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9-08-2011 @ 5:23PM
My problem with the current model is that re-doing the same boss on Hard Mode, with a few insta-kill gimmicks and higher damage amounts, just does not equal new content. I find that, though I can do hard modes, I dread them. They just aren't fun. If a new raid tier were released and we killed all newly released bosses on day 1, that wouldn't be fun either.I just think that having 7 bosses that you learn the mechanics to, then flip a toggle and relearn the mechanics slightly modified to account for a new mechanic and higher damage, only to down the same boss, is just not as compelling as having 14 completely different encounters, scaling in difficulty as you go, so that the final 7 are as hard as the Hard Mode of the original 7 would have been. Does that make sense?OK, so now you'll have those that say that developing 14 bosses would take so much more time than 7 normals and 7 hard modes of the same bosses. Fine. Give me 11 or 12, with the final 4 or 5 super hard. We'll work on those final bosses, and feel elation when we down them. As it is right now, when you kill the boss the first time on normal mode, you feel nothing, because you know the next week you're going right back at the same boss in a harder version. And when you finally kill the hard mode version, you feel nothing, because you've already seen him die two dozen times on normal mode. It just makes raiding lose that epic feeling.
9-08-2011 @ 5:31PM
Agreed, agreed, agreed. After a long time in a very casual guild where normal-mode progression was the main goal, I switched to a hard-mode-oriented guild, and was amazed at how small a sense of accomplishment I felt at my first hard-mode kill. It just wasn't special enough to justify the time and energy: I quit raiding altogether shortly thereafter.
9-08-2011 @ 5:45PM
While I agree with your points, I believe what you are suggesting (7 easy bosses, 7 hard bosses, with no heroic modes) goes back to the very model Blizzard was consciously moving away from in the first place, due to accessibility issues.Imagine the Deathwing raid follows that model, and the Deathwing encounter is tuned to be on the harder side of things (think Illidan Stormrage pre-nerf), we go back to only having ~1% (whatever the figure is) of the raiding population successfully downing the boss. I don't believe it is reasonable to have such a small population actually experience the demise of the end-boss of an expansion.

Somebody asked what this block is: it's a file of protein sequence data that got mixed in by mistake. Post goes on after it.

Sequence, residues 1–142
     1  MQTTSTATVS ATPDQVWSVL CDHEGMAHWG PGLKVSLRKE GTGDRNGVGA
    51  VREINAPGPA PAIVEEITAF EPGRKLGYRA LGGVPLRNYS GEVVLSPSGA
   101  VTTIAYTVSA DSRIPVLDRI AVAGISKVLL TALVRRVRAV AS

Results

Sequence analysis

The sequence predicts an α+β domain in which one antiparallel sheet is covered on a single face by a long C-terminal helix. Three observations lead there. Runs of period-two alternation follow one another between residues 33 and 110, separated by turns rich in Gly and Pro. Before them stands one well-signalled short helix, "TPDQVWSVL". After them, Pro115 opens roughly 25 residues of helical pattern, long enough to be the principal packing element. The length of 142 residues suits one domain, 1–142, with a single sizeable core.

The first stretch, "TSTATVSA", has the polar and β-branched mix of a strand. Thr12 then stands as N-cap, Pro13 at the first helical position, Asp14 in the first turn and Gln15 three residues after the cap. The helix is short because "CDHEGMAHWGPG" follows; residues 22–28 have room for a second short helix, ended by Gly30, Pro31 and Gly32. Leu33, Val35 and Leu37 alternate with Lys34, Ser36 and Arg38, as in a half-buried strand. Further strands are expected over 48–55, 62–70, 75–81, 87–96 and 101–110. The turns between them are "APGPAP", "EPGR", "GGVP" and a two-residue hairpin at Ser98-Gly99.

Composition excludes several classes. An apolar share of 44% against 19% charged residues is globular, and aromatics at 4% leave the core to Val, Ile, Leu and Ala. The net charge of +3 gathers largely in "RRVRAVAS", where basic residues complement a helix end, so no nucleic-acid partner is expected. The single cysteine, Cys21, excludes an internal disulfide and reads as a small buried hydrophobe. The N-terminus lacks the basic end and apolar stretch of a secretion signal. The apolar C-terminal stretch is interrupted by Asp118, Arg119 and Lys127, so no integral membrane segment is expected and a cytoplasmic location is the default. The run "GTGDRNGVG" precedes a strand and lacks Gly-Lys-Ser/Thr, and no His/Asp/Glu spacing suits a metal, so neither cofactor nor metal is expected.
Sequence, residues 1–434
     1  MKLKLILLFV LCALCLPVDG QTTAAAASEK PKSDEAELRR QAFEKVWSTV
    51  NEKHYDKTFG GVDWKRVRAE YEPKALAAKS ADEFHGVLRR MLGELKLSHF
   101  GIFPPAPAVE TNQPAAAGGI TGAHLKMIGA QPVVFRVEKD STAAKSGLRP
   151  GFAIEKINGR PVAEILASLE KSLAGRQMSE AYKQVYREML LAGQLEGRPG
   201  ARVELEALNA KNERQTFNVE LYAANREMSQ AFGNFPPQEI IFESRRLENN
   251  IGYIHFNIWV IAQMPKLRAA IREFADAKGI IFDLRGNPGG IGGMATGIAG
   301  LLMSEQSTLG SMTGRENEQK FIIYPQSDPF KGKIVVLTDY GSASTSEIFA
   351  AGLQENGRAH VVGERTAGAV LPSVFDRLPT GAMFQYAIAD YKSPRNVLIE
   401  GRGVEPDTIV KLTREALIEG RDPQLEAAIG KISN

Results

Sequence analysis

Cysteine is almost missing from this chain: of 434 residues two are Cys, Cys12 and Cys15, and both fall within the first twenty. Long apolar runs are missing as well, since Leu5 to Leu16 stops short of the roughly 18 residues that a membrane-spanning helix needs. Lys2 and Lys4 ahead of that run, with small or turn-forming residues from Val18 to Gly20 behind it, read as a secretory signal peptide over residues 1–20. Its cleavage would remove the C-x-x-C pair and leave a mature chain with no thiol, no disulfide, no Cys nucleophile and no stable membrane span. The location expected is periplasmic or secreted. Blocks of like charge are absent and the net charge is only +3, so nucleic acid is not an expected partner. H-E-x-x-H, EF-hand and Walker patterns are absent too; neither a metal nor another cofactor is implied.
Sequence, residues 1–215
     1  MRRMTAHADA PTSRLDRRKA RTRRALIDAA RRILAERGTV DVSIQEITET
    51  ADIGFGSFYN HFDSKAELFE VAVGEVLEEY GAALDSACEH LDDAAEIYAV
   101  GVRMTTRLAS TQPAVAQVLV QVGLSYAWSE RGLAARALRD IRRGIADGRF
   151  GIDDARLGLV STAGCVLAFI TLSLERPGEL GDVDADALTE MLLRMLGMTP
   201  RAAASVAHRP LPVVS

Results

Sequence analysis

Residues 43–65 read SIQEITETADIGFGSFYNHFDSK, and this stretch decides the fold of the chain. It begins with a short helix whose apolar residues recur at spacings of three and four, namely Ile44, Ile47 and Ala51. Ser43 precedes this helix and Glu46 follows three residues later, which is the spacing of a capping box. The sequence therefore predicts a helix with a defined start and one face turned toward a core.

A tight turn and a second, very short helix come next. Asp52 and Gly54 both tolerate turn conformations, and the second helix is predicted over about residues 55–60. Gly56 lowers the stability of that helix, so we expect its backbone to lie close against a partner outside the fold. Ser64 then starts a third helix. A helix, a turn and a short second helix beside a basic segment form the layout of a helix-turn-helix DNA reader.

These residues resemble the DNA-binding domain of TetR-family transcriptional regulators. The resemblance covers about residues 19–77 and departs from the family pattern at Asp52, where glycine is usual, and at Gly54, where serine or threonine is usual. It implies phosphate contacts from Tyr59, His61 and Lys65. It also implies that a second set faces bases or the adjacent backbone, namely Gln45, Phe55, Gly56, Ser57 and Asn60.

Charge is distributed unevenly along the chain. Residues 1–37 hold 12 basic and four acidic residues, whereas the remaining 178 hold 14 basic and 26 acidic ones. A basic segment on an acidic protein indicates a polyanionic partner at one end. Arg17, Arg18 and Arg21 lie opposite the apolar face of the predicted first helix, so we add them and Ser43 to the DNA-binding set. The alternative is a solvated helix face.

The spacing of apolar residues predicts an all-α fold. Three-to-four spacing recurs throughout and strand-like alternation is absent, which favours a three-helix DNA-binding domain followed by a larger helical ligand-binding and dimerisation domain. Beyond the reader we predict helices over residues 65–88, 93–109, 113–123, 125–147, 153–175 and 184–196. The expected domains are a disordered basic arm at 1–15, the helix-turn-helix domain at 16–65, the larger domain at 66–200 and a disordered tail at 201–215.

9-08-2011 @ 5:50PM
I have to agree with what you state as a problem and disagree with what you state as a solution.In agreement: I don't feel like hard modes are a worthy accomplishment. We did some in ICC, and it was sorta fun, but they were lackluster.Disagreement: I really, REALLY like that my raid team can fight the final boss of a raid instance. Taking down the Lich King, finally, was one of the best things ever. I don't want Blizzard to EVER go back to the model where most bosses and encounters couldn't be seen by everyone with some effort. One boss like Sinestra or Algalon is okay, as long as they're the Epilogue boss... the climax still needs to be Cho'Gall or Yogg-Sarron.There are plenty of us out there that love this game, work hard on our gear, love our raid teams, research bosses... and still have trouble with normal mode raids. We're the JV teams of WoW. Our passion for the game and raiding is no less than the elite players', but there's just some amount of talent we lack. We're not casual, and we're not stupid... but for whatever reason we're just not on par with the better guilds.With enough time and effort, we eventually conquer those bosses. We may be the 20th guild on the server to do it, but we love the accomplishment. If Blizzard puts those bosses out of reach, we get stuck waiting for nerfs and later tiers that trivialize the content to where it's not a challenge (even for us) any more. That's not a compelling experience at all.So, until they figure out something better, I still believe hard modes are the way to go. Maybe they need to be triggered in more interesting ways than the toggle, but we JV players really want to down the boss too.
9-08-2011 @ 7:07PM
Although I can see your point, the less hardcore majority of the wow player base WILL complain if they cannot see all the content, they already complain that Heroic modes get better gear?! their claim is that they pay the same subscription fee, why should they not be able to experience all the content.I can see both sides of the argument but as a non-raider I don't really have an opinian.but if I was a business.. I would be trying to cater to the largest amount of people and people already complain about Cata raids being harder (even on normal) than the raids in Wrath